Conquering Kaiwi Channel — Again
The ocean is where Jeff Denholm escapes and finds comfort from the daily grinds of life. It’s also the venue where he pushes his body and mind to the limit.
Denholm survived a traumatic injury 17 years ago while working as a deck-hand in the Bering Sea. A large wave knocked him off balance and his right arm hit a drive shaft. His dominant arm suffered extensive damage and was amputated just below the shoulder.
It was an injury that altered his life but not his will to live life to its fullest. The lifelong athlete never stalled in his pursuit of maintaining an active and competitive lifestyle. But there were adjustments.
Denholm’s injury forced him to develop tools in order for him to “respectively compete” against world-class athletes. One of those sports is paddle-board racing.
In order to perform, Denholm uses a prosthetic arm equipped with a paddle that is attached to the end of his four-and-a-half inches of revised limb. Because most of his power comes from one side, his imbalance in muscle strength requires continuous maintenance.
“When I get the right rhythm, I feel like I have two arms,” says Denholm, who started paddleboard racing to stay in shape in order to catch waves while one-arm surfing.
His latest challenge came on July 25 when the 43-year-old Denholm competed in his second Molokaito-Oahu paddleboard race, shaving more than 20 minutes off his time in 2009.
Last year, 15 miles into the 32-mile race, Denholm says the arm failed after the device malfunctioned. For the next 17 miles he basically “one-armed it,” finishing in a time of 8:09:46.
It was an effort that brought him to tears.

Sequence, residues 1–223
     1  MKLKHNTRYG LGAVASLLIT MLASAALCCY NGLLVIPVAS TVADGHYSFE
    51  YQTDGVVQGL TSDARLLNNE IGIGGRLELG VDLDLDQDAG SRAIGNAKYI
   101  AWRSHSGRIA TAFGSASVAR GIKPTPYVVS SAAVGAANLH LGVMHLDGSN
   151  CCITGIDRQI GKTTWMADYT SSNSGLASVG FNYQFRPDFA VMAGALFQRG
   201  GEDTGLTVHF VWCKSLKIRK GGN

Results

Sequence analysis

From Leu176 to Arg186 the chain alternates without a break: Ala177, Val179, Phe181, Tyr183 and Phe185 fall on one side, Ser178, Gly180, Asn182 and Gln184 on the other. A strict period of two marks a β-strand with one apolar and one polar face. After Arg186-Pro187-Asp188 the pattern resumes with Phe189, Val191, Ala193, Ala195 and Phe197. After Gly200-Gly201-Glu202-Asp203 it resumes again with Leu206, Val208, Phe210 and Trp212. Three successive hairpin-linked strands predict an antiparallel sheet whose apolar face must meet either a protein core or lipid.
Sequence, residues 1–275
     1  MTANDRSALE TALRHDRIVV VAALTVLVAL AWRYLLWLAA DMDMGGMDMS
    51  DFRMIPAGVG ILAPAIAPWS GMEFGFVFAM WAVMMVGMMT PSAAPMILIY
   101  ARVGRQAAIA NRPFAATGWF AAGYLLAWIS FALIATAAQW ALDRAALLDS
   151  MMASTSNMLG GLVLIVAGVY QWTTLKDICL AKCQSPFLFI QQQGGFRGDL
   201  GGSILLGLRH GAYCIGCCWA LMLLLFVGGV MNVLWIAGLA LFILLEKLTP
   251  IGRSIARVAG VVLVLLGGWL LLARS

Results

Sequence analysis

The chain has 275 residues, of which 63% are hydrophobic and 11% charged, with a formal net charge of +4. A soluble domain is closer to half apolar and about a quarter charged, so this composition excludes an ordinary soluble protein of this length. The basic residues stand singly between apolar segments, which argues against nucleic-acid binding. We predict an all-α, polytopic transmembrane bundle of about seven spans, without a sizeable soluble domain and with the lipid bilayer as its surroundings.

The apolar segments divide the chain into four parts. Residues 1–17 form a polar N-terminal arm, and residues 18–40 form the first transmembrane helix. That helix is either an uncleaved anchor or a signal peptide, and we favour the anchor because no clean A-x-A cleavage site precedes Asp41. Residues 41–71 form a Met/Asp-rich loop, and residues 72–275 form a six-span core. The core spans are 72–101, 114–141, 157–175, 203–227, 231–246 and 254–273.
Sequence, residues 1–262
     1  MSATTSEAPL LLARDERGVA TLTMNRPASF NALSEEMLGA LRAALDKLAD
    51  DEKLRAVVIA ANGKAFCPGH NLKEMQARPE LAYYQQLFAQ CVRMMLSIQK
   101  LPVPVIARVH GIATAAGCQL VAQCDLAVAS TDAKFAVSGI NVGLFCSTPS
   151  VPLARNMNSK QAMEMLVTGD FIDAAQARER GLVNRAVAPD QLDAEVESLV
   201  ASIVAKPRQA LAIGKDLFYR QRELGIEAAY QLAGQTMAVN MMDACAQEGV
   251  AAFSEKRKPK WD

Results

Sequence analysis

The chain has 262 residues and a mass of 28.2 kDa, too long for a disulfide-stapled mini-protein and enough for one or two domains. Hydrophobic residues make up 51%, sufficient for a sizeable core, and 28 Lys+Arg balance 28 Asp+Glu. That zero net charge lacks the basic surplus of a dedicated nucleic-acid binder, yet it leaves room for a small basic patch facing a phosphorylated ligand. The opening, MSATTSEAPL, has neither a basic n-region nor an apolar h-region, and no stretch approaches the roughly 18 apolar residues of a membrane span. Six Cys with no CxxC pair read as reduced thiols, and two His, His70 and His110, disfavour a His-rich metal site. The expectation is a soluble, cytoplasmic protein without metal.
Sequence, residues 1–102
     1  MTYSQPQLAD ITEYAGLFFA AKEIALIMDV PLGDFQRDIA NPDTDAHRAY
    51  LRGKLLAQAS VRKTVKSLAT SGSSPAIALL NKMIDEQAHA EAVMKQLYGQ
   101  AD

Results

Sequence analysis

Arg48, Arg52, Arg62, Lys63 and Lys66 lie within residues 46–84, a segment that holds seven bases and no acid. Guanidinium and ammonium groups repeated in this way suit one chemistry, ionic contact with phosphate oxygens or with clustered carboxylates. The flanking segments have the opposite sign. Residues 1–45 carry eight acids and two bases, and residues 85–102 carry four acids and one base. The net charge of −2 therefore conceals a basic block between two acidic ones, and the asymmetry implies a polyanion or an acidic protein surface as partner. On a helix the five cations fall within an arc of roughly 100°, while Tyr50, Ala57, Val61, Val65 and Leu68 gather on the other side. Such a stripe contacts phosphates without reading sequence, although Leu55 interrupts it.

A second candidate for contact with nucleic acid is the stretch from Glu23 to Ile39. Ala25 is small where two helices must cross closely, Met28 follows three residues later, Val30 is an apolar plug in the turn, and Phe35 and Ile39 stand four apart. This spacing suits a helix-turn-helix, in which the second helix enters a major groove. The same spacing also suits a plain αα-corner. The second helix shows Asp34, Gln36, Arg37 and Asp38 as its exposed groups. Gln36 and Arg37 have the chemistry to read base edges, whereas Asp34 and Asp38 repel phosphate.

It also was an effort that made him return to the drawing board to refine his high-tech prosthetic arm. He found a new adhesive and trained harder, four days a week, logging between 20 and 30 miles every week.
“With the full use of only one arm I have to be very careful about over-training,” says Denholm. “I add a lot of stretching and yoga into the mix with two days a week of intense cross-training circuit-type workouts with a personal trainer as well.”
The hard work paid off, and so did the equipment adjustment. Denholm finished the 2010 challenge in 7:49:10, more than 20 minutes faster than his first crossing.
“I have an immense amount of respect for any race of the Molokai’s distance,” says Denholm. “Anything can happen. For me, the biggest X factor is my paddling device. I glue it to what is left of my arm and both the glue and device have proven to fail over long-course races. If it stays on, I am confident in my physical ability and feel that I can perform quite well. If it fails, it will be all about survival at that point.”
Denholm has done more than just survive. He has inspired many people with his life story and personal drive to succeed. He’s expected to return to Hawaii in 2011 to compete with the world’s elite once again.